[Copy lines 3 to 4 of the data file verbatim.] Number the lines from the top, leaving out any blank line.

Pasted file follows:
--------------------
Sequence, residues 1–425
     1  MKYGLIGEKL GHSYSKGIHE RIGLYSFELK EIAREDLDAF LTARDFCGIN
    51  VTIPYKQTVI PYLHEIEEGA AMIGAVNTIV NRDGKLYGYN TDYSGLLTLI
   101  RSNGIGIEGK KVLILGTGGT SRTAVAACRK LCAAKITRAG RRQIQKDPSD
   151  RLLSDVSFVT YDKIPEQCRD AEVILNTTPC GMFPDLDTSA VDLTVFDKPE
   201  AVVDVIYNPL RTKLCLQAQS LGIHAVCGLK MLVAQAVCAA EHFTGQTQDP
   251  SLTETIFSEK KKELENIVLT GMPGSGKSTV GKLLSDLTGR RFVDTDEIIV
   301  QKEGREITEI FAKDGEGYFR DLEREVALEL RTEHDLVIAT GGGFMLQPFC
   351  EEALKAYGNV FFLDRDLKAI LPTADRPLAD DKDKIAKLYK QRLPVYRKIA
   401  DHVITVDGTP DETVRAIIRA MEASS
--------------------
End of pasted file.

    51  VTIPYKQTVI PYLHEIEEGA AMIGAVNTIV NRDGKLYGYN TDYSGLLTLI
   101  RSNGIGIEGK KVLILGTGGT SRTAVAACRK LCAAKITRAG RRQIQKDPSD